While many of the fibrecaps - Inocybe fastigiata and Inocybe geophylla for example - are known to contain the toxin muscarine, according to toxicologist Kasturi Ravikant Bhambid Inocybe erubescens is the only one known conclusively to have caused deaths.

Identification guide

Cap of Inocybe erubescens, Deadly Fibrecap


The silky cap of Inocybe erubescens has a diameter of 3 to 7cm. Initially conical, it flattens as it matures, retaining a pointed umbo and streaky radial fibres that gradually redden from the inrolled margin. The cap surface bruises red. Especially in dry weather caps become marginally lobed and tend to split radially from the edge.

Gills of Inocybe erubescens, Deadly Fibrecap


Crowded and adnexed or adnate, the gills start off whitish and gradually turn pinkish-brown from the margin inwards. The gills redden also if they are bruised.


(Cystidia on the edges of the gills): thin-walled, cylindrical or slightly clavate.

Stem of Inocybe erubescens, Deadly Fibrecap


8–10cm long and 1-2cm in diameter, the stem is white with longitudinal fibrils that stain red. The stem base is usually slightly swollen. When cut or broken, the whitish stem flesh does not change colour significantly.

Spores of <em>Inocybe erubescens</em>


Bean-shaped, smooth 10-13 x 5.5-7µm.

Show larger image

Spore print

Dull brown.

(Mouseover the spore image to see a larger version of this photomicrograph.)


Little or no odour when young and fresh, but old fruitbodies smell unpleasant. Reported to have a mild taste, but this is a deadly poisonous fungus and it is dangerous to taste even a tiny bit.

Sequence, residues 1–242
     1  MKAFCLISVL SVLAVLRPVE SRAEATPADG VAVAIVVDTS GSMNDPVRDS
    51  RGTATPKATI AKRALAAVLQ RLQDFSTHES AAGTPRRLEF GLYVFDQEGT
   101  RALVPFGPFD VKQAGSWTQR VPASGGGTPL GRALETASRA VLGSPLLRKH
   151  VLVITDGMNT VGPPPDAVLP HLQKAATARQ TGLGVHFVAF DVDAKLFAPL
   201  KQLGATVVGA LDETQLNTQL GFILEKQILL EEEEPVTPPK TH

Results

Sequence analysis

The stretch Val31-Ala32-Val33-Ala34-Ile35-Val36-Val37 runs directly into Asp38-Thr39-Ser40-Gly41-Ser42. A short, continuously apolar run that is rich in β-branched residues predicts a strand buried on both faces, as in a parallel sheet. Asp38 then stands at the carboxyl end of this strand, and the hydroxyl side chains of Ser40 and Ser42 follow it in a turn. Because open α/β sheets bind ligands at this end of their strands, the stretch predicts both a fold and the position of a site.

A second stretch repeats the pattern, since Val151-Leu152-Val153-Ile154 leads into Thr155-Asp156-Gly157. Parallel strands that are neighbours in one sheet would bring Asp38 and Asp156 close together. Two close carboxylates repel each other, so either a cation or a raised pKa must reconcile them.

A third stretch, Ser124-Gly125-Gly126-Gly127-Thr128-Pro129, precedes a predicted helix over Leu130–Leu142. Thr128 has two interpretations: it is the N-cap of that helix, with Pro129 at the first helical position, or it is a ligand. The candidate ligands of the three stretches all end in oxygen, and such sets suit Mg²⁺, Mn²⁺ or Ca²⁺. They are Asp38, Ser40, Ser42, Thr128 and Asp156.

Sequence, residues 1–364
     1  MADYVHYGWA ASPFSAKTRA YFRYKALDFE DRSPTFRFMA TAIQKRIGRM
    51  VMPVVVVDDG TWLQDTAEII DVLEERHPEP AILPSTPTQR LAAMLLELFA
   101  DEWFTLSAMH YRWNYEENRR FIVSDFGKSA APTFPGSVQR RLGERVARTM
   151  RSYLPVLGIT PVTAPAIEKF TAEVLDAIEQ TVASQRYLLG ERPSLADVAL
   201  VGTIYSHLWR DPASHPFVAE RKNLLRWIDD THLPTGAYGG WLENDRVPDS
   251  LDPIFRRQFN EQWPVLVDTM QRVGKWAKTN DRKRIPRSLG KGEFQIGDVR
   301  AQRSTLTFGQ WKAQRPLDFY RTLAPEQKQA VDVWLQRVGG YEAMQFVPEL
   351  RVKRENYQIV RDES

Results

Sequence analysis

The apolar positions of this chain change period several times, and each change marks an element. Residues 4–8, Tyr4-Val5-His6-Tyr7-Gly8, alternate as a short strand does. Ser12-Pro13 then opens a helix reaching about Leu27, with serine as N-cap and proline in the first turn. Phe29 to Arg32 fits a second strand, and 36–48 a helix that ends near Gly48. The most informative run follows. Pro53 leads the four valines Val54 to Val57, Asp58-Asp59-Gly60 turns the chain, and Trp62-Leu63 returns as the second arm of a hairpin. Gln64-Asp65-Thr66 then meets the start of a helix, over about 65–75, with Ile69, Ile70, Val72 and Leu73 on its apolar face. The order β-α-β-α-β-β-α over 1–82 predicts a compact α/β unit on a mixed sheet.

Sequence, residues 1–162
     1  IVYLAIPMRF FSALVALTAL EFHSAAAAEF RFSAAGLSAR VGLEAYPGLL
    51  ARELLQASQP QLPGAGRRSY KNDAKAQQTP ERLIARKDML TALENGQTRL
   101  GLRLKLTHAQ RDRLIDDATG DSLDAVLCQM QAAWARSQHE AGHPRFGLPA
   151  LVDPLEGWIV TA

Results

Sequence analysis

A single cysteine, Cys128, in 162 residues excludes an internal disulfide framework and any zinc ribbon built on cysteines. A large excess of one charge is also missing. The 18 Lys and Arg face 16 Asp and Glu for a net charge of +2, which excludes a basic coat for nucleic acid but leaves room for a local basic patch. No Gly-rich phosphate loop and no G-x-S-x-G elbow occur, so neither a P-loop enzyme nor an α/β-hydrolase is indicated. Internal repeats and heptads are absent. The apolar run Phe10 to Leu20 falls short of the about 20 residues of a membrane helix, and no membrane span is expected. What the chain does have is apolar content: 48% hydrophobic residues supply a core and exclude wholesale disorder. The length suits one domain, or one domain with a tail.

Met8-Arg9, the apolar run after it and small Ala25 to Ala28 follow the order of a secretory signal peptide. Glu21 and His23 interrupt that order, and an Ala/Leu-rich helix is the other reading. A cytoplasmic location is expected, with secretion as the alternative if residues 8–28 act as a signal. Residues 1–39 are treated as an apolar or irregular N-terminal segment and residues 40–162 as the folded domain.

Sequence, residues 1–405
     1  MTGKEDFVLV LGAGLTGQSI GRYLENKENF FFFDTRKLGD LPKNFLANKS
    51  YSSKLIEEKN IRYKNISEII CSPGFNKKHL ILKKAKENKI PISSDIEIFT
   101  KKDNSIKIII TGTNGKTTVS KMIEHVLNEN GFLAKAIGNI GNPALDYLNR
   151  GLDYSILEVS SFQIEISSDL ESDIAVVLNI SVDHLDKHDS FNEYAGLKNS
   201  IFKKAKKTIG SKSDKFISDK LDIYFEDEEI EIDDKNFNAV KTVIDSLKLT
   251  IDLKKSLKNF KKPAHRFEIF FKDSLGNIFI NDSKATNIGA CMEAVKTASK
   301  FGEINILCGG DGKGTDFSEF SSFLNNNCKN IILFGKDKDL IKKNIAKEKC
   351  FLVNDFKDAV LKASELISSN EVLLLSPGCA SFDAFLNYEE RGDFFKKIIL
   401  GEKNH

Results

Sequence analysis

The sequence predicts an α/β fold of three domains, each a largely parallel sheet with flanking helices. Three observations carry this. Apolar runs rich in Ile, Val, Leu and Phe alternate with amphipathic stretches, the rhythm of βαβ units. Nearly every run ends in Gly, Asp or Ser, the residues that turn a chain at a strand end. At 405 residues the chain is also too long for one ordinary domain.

Habitat & Ecological role

Mycorrhizal; occurring singly or in small groups beneath deciduous trees, most notably Beeches and Hornbeams nearly always on alkaline or at least neutral soil. I have only ever found these mycorrhizal fungi on woodland edges, but they are also recorded from within woodlands.


Late June to September in Britain and Ireland.

Similar species

The white variety of Inocybe geophylla is smaller and does not redden.

While the caps are immature, several other fibrecap species, including for example the Torn Fibrecap Inocybe rimosa, can look rather similar to Inocybe erubescens, so that the use of specialist keys, microscopic examination and sometimes chemical tests may be necessary to achieve confident identification to species level.

Culinary Notes

This is a deadly poisonous toadstool and large enough for inexperienced foragers to consider these little toadstools worth collecting for food. Several Inocybe species are known to be deadly poisonous and difficult to identify with confidence, but Inocybe erubescens is one of the few that are known to have caused deaths, and so they should all be avoided when gathering fungi for food.

Reference Sources

Fascinated by Fungi, 2nd Edition, Pat O'Reilly 2016, reprinted by Coch-y-bonddu Books in 2022.

BMS List of English Names for Fungi

Alan Outen and Penny Cullington (2009), Keys to the British Species of Inocybe.

Kasturi Ravikant Bhambid, Donika A. D. (2014) Mushroom Poisoning: Etiology and Symptoms, Volgograd state medical University, Volgograd, Russia.

Dictionary of the Fungi; Paul M. Kirk, Paul F. Cannon, David W. Minter and J. A. Stalpers; CABI, 2008

Taxonomic history and synonym information on these pages is drawn from many sources but in particular from the British Mycological Society's GB Checklist of Fungi.